As a former New Englander now living in Israel, I have been following the news quite closely since hearing of the horrible attack on the crowd at the finish line of the Boston Marathon.  And several things about the media coverage have me genuinely concerned.

First, despite the obvious carnage caused by the two explosive devices, officials almost immediately began stressing to the media (and by extension, the public), that the bombs seemed to be small and unsophisticated... as if this were somehow good news. 

As parts of pressure cookers (which apparently housed the bombs) and kitchen egg timers (which were apparently used to trigger the bombs) were found and identified, this emphasis on the unsophisticated, improvised nature of the weapons has continued to be at the core of nearly every news story.

Apparently someone decided that telling the public that the bombs were relatively small, home-made affairs would be reassuring, since an unseen enemy lacking high end tools and materials (e.g. plastic explosives, electronic triggering devices, etc.), is far less threatening than an enemy with access to military grade stuff, right? 

After all, Hollywood has indoctrinated us to know that nothing short of a custom machined metallic briefcase containing an organized medley of circuit boards, neat blocks of C4 sprouting colored wires that lead to an ergonomic push button panel and blinking digital display, is worth worrying about.

Take for example the New York Times headline story "Boston Bombs Were Loaded To Maim", which stresses the simple nature of the bomb's construction as if to soften the gory details of the damage inflicted on the innocent bystanders by the ball bearings and nails which were apparently packed around the core of the pressure cooker bombs:

"The explosives that killed three people and injured more than 170 during the Boston Marathon on Monday were most likely rudimentary devices made from ordinary kitchen pressure cookers, except they were rigged to shoot sharp bits of shrapnel into anyone within reach of their blast and maim them severely, law enforcement officials said Tuesday.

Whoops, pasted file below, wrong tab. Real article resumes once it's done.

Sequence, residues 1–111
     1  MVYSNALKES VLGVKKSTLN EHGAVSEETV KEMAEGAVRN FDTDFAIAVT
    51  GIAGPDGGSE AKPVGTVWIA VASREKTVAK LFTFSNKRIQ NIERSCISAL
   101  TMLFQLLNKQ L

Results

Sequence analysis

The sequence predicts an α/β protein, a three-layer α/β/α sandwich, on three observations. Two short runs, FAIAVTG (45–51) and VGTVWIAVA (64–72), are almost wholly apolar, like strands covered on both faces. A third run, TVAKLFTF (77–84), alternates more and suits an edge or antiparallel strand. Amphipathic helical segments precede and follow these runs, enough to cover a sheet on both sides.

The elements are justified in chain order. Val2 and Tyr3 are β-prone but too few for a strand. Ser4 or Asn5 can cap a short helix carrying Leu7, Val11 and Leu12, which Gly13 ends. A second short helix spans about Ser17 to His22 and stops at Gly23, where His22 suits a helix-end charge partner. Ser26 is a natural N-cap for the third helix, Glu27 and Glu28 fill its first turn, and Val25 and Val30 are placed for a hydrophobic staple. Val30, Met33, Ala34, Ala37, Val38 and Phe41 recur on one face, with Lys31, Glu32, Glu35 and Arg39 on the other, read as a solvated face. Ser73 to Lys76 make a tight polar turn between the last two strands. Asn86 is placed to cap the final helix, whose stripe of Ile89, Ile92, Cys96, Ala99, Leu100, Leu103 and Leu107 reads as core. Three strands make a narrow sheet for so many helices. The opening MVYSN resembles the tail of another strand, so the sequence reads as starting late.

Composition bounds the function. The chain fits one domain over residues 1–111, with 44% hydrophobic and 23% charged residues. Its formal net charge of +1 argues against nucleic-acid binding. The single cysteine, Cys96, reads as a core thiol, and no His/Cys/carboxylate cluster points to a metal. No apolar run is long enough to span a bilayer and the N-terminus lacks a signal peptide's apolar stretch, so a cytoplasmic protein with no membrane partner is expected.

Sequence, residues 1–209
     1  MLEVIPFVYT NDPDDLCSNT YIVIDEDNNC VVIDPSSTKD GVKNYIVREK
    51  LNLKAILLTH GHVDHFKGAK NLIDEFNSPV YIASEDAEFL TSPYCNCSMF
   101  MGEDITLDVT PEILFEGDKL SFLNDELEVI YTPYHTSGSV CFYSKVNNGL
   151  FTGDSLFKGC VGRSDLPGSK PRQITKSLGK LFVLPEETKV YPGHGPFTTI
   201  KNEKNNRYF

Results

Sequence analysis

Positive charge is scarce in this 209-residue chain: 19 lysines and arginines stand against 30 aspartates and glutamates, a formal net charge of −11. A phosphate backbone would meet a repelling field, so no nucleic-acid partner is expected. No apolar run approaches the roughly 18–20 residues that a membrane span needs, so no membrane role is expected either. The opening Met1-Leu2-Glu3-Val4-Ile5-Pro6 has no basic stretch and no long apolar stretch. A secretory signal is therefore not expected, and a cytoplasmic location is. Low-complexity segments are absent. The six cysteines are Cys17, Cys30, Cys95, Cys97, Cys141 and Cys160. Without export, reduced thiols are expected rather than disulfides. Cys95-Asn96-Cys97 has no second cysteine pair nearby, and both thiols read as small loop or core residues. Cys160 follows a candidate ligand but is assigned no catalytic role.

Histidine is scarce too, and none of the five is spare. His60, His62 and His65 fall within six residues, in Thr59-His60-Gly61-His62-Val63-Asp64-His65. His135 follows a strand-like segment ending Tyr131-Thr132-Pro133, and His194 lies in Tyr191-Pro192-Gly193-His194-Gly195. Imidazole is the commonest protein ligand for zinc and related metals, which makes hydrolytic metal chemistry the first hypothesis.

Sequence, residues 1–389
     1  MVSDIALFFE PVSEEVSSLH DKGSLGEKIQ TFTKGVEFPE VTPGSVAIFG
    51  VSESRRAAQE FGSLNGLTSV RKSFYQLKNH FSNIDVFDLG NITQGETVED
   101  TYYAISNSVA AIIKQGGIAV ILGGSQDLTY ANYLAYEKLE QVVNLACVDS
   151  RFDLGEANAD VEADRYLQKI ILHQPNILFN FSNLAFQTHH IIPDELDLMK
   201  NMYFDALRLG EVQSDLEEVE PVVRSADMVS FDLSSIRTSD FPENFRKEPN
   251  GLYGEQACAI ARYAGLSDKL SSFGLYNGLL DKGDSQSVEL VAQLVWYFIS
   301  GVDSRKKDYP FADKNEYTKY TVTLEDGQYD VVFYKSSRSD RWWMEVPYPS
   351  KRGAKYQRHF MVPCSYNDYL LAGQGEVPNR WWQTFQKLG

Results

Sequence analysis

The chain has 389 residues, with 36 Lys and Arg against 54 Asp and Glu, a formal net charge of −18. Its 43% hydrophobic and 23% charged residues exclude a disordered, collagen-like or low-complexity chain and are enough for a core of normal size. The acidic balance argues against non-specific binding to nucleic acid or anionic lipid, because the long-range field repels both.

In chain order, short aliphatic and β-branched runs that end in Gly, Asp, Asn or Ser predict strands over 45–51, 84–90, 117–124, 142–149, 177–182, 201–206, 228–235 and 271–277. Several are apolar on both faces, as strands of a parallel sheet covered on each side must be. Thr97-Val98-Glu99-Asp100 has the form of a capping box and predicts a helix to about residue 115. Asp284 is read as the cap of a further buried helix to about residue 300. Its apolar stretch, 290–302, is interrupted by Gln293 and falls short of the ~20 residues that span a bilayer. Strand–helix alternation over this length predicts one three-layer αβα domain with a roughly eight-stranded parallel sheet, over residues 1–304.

The pressure cookers were filled with nails, ball bearings and black powder, and the devices were triggered by “kitchen-type” egg timers, one official said." [emphasis mine]

But that word 'except' which I've highlighted in the first paragraph of the quote above is the problem with the whole premise.

At a certain point, someone – either the American public or the media – is going to twig to the fact that, far from being good news, the primitive construction and deliberately barbarous scattergun nature of the bombs used in the Boston attack are, in fact, extremely bad news.

You see, modern military weapons are designed to attack specific targets with a high degree of accuracy. 

Neither the current conventions of warfare nor the news-reading public will tolerate the use of weaponry that kills or maims indiscriminately.  Surgical strikes and precision laser-guided weapons are de rigueur, and any state that cuts too wide a swath of collateral damage in persuit of an enemy is likely to find itself in the dock of the International Criminal Court at The Hague.

But that's not what happened in Boston.  

The terrifying thing about being attacked by non-state actors (i.e. terrorists), whether of the domestic or international variety (and nobody knows it better than we Israelis), is that when primitive bombs packed with nails and ball bearings start blowing up in public places, everyone and anyone is the target… making it nearly impossible to mount a meaningful defense.

So as a former New Englander, my heart goes out to the victims of the Boston bombing and their loved ones. 

But as an Israeli, I hope against hope that the American public and the international media come to their collective senses sooner rather than later, and realize that it's the sick son-of-a-bitch cooking up a shrapnel bomb filled with nails and ball bearings from a pressure cooker and egg timer, that civilized countries need to be deathly afraid of… not some secret agent with a shiny metal briefcase containing a photogenic Hollywood bomb.

Posted by David Bogner on April 17, 2013 | Permalink | Comments (9) | TrackBack